```
m # your mdp or pomdp model
exploration_policy = EpsGreedyPolicy(m, k->0.05*0.9^(k/10))
```

`POMDPTools`

exports a linear decay schedule object that can be used as well.

`POMDPTools.Policies.LinearDecaySchedule`

— Type`LinearDecaySchedule`

A schedule that linearly decreases a value from `start`

to `stop`

in `steps`

steps. if the value is greater or equal to `stop`

, it stays constant.

**Constructor**

`LinearDecaySchedule(;start, stop, steps)`

## Playback Policy

A policy that replays a fixed sequence of actions. When all actions are used, a backup policy is used.

`POMDPTools.Policies.PlaybackPolicy`

— Type`PlaybackPolicy{A<:AbstractArray, P<:Policy, V<:AbstractArray{<:Real}}`

a policy that applies a fixed sequence of actions until they are all used and then falls back onto a backup policy until the end of the episode.

Constructor:

``PlaybackPolicy(actions::AbstractArray, backup_policy::Policy; logpdfs::AbstractArray{Float64, 1} = Float64[])``

**Fields**

`actions::Vector{A}`

a vector of actions to play back`backup_policy::Policy`

the policy to use when all prescribed actions have been taken but the episode continues`logpdfs::Vector{Float64}`

the log probability (density) of actions`i::Int64`

the current action index

## Utility Wrapper

A wrapper for policies to collect statistics and handle errors.

`POMDPTools.Policies.PolicyWrapper`

— Type`PolicyWrapper`

Flexible utility wrapper for a policy designed for collecting statistics about planning.

Carries a function, a policy, and optionally a payload (that can be any type).

The function should typically be defined with the do syntax. Each time `action`

is called on the wrapper, this function will be called.

If there is no payload, it will be called with two argments: the policy and the state/belief. If there is a payload, it will be called with three arguments: the policy, the payload, and the current state or belief. The function should return an appropriate action. The idea is that, in this function, `action(policy, s)`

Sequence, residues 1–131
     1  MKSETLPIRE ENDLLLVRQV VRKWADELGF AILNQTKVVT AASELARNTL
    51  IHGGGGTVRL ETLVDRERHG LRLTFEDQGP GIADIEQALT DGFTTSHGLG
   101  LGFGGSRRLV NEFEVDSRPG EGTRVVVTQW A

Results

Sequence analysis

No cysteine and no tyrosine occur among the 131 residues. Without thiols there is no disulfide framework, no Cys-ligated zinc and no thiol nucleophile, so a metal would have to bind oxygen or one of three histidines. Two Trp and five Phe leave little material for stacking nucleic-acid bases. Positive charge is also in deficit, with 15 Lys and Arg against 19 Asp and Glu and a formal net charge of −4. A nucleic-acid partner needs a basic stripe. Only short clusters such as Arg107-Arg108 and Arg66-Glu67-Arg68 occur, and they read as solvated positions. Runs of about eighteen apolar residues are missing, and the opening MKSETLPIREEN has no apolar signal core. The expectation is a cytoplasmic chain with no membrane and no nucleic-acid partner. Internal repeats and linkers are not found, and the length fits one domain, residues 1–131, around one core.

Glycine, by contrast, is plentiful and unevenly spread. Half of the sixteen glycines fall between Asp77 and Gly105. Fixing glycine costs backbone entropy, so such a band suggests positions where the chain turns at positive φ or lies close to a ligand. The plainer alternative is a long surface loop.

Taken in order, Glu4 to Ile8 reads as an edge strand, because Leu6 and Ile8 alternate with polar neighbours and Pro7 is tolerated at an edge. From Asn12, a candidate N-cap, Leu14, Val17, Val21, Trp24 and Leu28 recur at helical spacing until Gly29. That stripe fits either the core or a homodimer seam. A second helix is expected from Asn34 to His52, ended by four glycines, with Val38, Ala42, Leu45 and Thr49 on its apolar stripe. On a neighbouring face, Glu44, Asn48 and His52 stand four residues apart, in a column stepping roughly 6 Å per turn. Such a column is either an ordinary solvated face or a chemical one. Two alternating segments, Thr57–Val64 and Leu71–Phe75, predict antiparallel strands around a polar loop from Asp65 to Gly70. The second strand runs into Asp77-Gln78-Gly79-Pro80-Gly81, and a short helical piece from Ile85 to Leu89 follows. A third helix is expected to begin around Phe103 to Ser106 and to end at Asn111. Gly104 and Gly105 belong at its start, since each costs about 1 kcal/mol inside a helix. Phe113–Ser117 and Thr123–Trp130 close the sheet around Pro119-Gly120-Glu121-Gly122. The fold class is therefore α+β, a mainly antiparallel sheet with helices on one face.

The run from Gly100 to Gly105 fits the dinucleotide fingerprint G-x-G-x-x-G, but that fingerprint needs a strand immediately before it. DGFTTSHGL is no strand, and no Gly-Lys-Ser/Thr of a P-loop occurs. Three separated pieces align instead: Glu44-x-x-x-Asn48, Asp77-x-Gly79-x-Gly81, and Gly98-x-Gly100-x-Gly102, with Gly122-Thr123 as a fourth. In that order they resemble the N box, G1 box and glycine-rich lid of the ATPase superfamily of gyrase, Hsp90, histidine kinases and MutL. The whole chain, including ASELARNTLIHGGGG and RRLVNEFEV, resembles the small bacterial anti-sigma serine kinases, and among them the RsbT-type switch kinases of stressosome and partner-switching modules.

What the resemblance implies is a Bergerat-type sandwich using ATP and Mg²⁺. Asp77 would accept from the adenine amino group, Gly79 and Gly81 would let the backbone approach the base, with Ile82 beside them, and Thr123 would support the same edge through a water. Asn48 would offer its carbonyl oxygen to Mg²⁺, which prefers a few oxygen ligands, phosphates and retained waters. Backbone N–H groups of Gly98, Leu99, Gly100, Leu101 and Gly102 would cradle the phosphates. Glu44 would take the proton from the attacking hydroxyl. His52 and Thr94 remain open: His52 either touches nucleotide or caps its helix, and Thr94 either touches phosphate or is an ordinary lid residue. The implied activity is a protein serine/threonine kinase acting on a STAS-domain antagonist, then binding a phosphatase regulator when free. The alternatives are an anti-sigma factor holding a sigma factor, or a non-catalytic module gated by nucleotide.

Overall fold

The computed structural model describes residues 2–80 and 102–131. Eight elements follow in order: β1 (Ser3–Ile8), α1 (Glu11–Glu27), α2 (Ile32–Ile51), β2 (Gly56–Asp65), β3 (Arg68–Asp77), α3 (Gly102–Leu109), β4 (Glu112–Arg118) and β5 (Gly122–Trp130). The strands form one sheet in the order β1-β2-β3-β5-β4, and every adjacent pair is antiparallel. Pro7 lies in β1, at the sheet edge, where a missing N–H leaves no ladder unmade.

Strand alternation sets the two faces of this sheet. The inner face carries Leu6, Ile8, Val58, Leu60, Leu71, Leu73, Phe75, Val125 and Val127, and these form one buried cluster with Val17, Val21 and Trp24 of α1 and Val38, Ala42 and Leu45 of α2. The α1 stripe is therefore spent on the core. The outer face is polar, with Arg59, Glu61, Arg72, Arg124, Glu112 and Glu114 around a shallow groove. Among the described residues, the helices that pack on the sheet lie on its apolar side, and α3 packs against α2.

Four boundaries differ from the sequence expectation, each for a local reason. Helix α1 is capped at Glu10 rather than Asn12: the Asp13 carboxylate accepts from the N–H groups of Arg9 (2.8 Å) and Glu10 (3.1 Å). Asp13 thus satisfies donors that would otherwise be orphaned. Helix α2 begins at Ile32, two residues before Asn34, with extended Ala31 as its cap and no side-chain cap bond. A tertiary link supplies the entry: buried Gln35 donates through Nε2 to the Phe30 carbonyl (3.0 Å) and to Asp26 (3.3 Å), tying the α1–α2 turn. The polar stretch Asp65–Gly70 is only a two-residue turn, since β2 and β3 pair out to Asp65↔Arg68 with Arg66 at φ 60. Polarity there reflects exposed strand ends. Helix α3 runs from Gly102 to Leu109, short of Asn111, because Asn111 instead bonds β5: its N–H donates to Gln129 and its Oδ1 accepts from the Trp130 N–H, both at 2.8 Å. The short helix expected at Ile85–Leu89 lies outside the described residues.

should be called, statistics from the policy/planner should be collected and saved in the payload, exceptions can be handled, and the action should be returned.

Constructor

`PolicyWrapper(policy::Policy; payload=nothing)`

**Example**

```
using POMDPModels
using POMDPToolbox
mdp = GridWorld()
policy = RandomPolicy(mdp)
counts = Dict(a=>0 for a in actions(mdp))
# with a payload
statswrapper = PolicyWrapper(policy, payload=counts) do policy, counts, s
a = action(policy, s)
counts[a] += 1
return a
end
h = simulate(HistoryRecorder(max_steps=100), mdp, statswrapper)
for (a, count) in payload(statswrapper)
println("policy chose action $a $count of $(n_steps(h)) times.")
end
# without a payload
errwrapper = PolicyWrapper(policy) do policy, s
try
a = action(policy, s)
catch ex
@warn("Caught error in policy; using default")
a = :left
end
return a
end
h = simulate(HistoryRecorder(max_steps=100), mdp, errwrapper)
```

**Fields**

`f::F`

`policy::P`

`payload::PL`

## Pretty Printing Policies

`POMDPTools.Policies.showpolicy`

— Function```
showpolicy([io], [mime], m::MDP, p::Policy)
showpolicy([io], [mime], statelist::AbstractVector, p::Policy)
showpolicy(...; pre=" ")
```

Print the states in `m`

or `statelist`

and the actions from policy `p`

corresponding to those states.

For the MDP version, if `io[:limit]`

is `true`

, will only print enough states to fill the display.

# Policy Evaluation

The `evaluate`

function provides a policy evaluation tool for MDPs:

`POMDPTools.Policies.evaluate`

— Function```
evaluate(m::MDP, p::Policy)
evaluate(m::MDP, p::Policy; rewardfunction=POMDPs.reward)
```

Calculate the value for a policy on an MDP using the approach in equation 4.2.2 of Kochenderfer, *Decision Making Under Uncertainty*, 2015.

Returns a DiscreteValueFunction, which maps states to values.

**Example**

```
using POMDPTools, POMDPModels
m = SimpleGridWorld()
u = evaluate(m, FunctionPolicy(x->:left))
u([1,1]) # value of always moving left starting at state [1,1]
```